When going to see the temples leave early and make it a full day trip. Entrance fee to Candi Sukuh for foreigners is Rp. 10,000 payable at an office at the other side of the road. Residents pay only Rp 2,500. A weathered panel explains the salient features of the temple in Indonesian and in 'Indonesian English'.

    Near the parking space is a sign pointing to another temple, candi Planggatan. The 2 km mountain road to this site in Tambak village is breathtaking. But of the temple itself only some stone rubble remains.

    More details in our travelogue Candi Sukuh.

    Birth of Bima Remains of candi Planggatan Overview of site from top of pyramid Typical wayang-puppet style relief Many animals are depicted
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    • Hiking and Walking

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    Prambanan Temple

    by meiyergani Updated Oct 9, 2006

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    It was the Temple of The King'Pikatan', built in 8th Century.also known as LORO JONGGRANG temple. According to the LEGend, the temple was built in one night by Prince Bandung Bondowoso in meet the request of the daughter of King Boko, a beautiful lady called LORO JONGGrang, Jonggrang is Java language which means Tall and Loro Jonggrang is one of statue at Prambanan Temple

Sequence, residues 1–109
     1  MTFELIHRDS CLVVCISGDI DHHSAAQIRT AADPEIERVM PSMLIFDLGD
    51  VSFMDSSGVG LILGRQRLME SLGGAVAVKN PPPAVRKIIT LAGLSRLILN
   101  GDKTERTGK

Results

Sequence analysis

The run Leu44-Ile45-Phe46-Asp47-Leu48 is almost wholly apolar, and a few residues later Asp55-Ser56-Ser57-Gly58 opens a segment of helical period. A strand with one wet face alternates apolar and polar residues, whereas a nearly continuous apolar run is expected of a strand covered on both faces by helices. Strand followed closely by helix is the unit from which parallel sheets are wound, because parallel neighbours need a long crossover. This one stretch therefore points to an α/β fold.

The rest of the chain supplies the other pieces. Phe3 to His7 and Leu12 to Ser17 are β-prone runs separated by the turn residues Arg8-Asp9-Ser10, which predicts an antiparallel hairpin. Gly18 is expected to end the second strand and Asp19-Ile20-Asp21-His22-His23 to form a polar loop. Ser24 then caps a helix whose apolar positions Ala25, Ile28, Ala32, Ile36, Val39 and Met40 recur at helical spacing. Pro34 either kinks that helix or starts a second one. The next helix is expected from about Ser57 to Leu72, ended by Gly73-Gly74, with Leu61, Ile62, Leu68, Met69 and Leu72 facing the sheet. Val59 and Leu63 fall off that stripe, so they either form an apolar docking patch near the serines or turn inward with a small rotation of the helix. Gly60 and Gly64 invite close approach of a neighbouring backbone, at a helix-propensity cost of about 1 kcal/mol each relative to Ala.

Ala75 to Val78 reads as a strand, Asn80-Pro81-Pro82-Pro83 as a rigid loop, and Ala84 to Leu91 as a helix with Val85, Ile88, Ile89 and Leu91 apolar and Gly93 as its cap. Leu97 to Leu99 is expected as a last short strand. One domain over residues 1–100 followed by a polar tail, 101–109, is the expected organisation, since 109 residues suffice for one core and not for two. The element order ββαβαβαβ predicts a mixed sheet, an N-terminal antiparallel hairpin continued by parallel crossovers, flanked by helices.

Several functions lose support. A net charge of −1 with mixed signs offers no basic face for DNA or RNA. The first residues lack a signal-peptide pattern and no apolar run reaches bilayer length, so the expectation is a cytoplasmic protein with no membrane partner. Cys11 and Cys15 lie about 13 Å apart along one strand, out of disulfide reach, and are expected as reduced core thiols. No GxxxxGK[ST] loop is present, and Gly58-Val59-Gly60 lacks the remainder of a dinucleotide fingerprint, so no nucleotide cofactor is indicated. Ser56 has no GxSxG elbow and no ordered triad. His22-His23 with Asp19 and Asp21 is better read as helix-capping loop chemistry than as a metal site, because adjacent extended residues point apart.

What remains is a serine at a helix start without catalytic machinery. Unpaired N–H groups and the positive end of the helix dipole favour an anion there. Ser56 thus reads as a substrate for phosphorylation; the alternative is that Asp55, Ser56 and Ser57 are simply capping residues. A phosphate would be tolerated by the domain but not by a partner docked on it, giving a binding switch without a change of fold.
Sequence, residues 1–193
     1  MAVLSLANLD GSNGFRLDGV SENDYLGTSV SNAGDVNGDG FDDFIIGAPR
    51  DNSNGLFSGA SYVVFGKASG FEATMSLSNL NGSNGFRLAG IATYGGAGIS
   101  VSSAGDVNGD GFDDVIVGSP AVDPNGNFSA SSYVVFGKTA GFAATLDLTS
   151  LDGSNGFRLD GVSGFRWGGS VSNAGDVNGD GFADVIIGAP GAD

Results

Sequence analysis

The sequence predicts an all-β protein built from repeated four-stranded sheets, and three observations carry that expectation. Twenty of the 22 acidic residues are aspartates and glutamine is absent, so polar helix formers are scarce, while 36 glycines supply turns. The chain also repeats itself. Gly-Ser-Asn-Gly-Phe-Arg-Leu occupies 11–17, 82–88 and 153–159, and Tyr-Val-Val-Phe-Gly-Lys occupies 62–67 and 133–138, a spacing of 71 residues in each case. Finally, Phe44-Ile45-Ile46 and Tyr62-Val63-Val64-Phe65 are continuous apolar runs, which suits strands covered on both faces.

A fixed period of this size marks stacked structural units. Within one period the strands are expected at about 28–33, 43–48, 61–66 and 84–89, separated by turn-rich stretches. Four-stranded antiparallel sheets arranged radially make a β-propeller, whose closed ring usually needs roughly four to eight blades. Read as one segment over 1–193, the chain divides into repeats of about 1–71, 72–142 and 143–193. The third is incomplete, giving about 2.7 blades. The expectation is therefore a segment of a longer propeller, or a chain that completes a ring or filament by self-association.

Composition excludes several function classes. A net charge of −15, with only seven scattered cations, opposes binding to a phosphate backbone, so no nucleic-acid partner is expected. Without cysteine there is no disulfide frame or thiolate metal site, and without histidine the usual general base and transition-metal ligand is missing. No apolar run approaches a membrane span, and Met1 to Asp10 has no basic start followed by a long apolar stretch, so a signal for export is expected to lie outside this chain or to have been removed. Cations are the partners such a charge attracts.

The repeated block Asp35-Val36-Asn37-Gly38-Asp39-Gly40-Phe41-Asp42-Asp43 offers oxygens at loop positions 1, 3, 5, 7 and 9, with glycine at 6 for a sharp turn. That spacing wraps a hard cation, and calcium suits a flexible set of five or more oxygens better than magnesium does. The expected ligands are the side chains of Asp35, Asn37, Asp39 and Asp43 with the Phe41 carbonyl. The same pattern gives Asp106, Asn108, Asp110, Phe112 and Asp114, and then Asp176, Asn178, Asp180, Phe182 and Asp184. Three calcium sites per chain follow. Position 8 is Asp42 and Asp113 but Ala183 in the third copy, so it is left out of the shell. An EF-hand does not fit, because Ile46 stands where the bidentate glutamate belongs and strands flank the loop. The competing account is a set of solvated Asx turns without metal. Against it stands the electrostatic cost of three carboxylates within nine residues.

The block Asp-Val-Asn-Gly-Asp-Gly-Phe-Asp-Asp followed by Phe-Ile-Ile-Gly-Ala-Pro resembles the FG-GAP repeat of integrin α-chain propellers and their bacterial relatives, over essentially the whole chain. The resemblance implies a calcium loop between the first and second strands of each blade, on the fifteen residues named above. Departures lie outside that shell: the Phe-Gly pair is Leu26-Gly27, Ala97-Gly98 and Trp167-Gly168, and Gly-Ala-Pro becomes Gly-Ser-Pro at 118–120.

Prambanan Temple Between Yogya and Solo
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    • Architecture

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    Pasar(market)KLEWER

    by meiyergani Written Oct 4, 2006

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    PasarKlewer is a very popular market in Solo, but also welknown throughout Indonesia, it was a market where peoples can find Indonesian wellknown Batik shirts with very competitive price. Located just the left side of Keraton Solo, you can buy Batik clothes with bargaining

    PasarKlewer and Batik Shop
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    • Castles and Palaces

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    Puri Mangkunegaran

    by IreneMcKay Updated Jun 23, 2012

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    Solo has two palaces. Puri Mangkunegaran is the smaller one, but it is supposedly better kept. You have to go round on a tour which I don't normally like doing, but our guide was really interesting and funny and told us lots about the objects in the palace which we would never have known without him.

    The royal family still live in part of this palace and I'm pretty sure we saw a princess or two wandering around. It's possible to book dinner with the royal family apparently though we did not try this.

    Buy your entrance ticket at main palace entrance and take the tour. It is open Monday - Saturday 8.30am - 2pm and Sunday 8.30am -1pm.

    My husband in front of the palace My husband with our very entertaining guide
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    • Castles and Palaces
    • Historical Travel